Summary

 Stock Indices  The major U.S. indices completed five wave downswings from their late-March highs into Thursday’s lows. In doing so, they’ve also ended larger degree 5-3-5 sequences from their respective November/January highs which adhere to Fibonacci proportionality, measuring as corrective a-b-c zig zags. If that’s so, then we can discern two things – first, declines from those November/January highs have ended single zig zags within developing double zig zags, part of a sustained correction that is expected to continue for several months, into October or year-end – second, a corrective upswing has begun X waves from Thursday’s lows and these can last several weeks whilst upside targets are between 10-12% per cent. It’s unlikely the zig zag declines into Thursday’s lows represent the end of this year’s correction because the FTSE-100 and ASX-200 indices are still engaged within expanding flat corrections from this year’s highs – whilst U.S. indices were finishing zig zags into Thursday’s lows, these indices were still trading above their March lows, pulling a little lower in sync, but preparing to resume B wave rallies from March’s lows targeting marginal higher-highs. They too are set to develop higher to complete those B waves towards targets around 11% per cent above current levels – but upon completion, they will begin sustained declines as wave C of the expanding flat pattern, pulling prices significantly lower through to October/year-end. This phase begins secondary zig zag declines for the major indices. These pattern and amplitude differences form unique paths for each index although their positive sync helps to map the extent of this next upside rally and the depth of the next declines.  

Currencies (FX) The US$ dollar index traded as high as 105.00 today, levels not seen since Dec.’02 so it’s not surprising to see bullish sentiment reaching extremes as inflationary expectations remain elevated. Levels have now reached upside targets in completing the dollar’s five wave uptrend that began from the Jan.’21 low – yes, it could stretch just a little higher but looking at the other major G10 currency pairs, there’s already good reason behind this week’s extremes ending current trends. The Euro/US$ traded down to 1.0350 and it too has reached minimum Elliott Wave pattern requirements for ending its entire decline that began from 1.2350 – Stlg/US$ traded down to 1.2157 this week, again, showing signs of bottoming, ending its counter-trend decline from 1.4249. US$/Yen is topping out at 131.34 max. 133.19+/- whilst the commodity currencies, US$/CAD has ended its counter-trend upswing from last June’s ’21 low of 1.2007 into this week’s high of 1.3077 – AUD/US$ has just completed its counter-trend decline from last year’s high of 0.8008 into today’s low of 0.6828. Watch for further confirmation this coming week.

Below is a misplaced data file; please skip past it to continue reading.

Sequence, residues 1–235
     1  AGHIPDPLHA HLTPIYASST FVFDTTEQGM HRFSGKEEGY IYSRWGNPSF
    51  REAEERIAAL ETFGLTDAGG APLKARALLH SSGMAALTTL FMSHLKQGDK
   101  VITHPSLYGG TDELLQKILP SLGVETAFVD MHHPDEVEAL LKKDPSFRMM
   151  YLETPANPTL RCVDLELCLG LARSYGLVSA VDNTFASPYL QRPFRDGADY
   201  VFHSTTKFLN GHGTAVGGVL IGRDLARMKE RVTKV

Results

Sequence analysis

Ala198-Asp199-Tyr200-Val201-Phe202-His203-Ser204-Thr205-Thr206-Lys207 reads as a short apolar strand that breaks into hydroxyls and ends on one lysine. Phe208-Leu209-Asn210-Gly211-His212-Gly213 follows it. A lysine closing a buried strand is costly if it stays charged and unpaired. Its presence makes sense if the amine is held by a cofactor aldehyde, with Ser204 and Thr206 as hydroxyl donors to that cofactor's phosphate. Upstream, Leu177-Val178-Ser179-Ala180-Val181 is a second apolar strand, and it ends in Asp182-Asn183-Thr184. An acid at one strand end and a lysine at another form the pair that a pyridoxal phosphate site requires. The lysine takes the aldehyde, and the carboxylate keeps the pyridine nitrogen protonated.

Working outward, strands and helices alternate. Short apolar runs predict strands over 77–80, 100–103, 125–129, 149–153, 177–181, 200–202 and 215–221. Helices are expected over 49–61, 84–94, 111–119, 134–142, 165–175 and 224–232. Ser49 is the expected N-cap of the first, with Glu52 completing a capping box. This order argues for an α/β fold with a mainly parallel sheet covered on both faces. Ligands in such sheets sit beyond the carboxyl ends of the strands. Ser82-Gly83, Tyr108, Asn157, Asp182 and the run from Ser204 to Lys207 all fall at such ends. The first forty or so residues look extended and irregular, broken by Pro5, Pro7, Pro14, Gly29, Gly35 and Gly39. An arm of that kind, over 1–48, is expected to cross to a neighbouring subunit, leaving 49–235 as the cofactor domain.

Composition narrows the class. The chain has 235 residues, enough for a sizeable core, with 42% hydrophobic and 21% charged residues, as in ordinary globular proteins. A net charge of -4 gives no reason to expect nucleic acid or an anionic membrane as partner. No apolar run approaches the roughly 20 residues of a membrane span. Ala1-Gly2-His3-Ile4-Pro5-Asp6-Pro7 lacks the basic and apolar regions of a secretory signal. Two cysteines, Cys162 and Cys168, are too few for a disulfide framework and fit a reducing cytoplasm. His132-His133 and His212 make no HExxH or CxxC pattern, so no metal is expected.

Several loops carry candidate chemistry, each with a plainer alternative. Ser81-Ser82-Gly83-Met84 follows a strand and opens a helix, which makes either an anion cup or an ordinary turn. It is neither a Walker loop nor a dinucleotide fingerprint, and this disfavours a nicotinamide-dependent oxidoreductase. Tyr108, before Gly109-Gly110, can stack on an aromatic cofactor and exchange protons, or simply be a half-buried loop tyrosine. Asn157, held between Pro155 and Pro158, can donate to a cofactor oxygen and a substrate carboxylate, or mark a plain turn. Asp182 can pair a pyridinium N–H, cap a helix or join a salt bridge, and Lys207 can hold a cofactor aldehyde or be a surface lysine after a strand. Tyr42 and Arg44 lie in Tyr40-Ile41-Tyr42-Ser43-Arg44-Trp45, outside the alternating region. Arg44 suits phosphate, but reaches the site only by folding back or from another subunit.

Bonds (Interest Rates)  The US10yr yield has slipped lower, away from this month’s peak of 3.203 following last week’s Federal Reserve rate hike and this week’s latest headline CPI inflation data that came through at another elevated level of 8.3% per cent. That may seem surprising as background confirmation that the Fed is actively hiking rates with inflation expectations still rising would ordinarily translate into higher yields not lower. So why are yields declining? Markets are forward looking and they’re trading as if most of the rate rise is already priced-in. Furthermore, persistent inflation and interest rate trends are causing fears of a U.S. recession, attracting safe-haven bond buying as stock markets adjust to the downside. But stocks have just bottomed, at least for now, and have begun a 10-12% per cent rally. Could that send the US10yr yield higher? Probably not, at least from an EW perspective. March’s advance from 1.680 is the finalising sequence of the diagonal’s uptrend that began from the pandemic low – in Europe, the DE10yr yield has completed a 3rd-of-3rd wave uptrend within the five wave impulse pattern developing from the pandemic low at this month’s high of 1.188. So far, only an intra-hourly three wave sequence is visible in the decline from that high into Thursday’s low of 0.834 – this low will need to be broken in order to validate a deeper, multi-month 4th wave correction has begun.  

Commodities Precious metals remained under pressure this week as rising inflationary expectations were fanned by the latest headline CPI data and a stronger US$ dollar. One thing we’ve learnt recently is that gold is not acting as an inflation-hedge nor as a safe-haven. And its this realisation from investors that has caused a reality check with long-liquidation pulling prices lower during the last month. Silver has underperformed gold over the last month, widening the gold/silver ratio from 1:78 to 1:88 this week. This has occurred whilst silver has hit downside targets of 20.60+/-, trading down to 20.44 today but closing higher at 21.14. This means that gold is bottoming too, at today’s low of 1800.00 with downside risk to max. 1787.00+/-. The outlook for both gold and silver now turn bullish at a juncture where the US$ dollar index is heading into a synchronous peak. New uptrends are likely to last the next year or two resulting in record highs. In the Energy markets, Crude oil is responding higher as stock markets bottom whilst beginning counter-trend rallies that are expected to last the next several weeks. Crude oil’s most bullish wave count would allow this risk-on, positive-correlation to push prices as high as 126.90+/- although failing to break above March’s high of 130.50.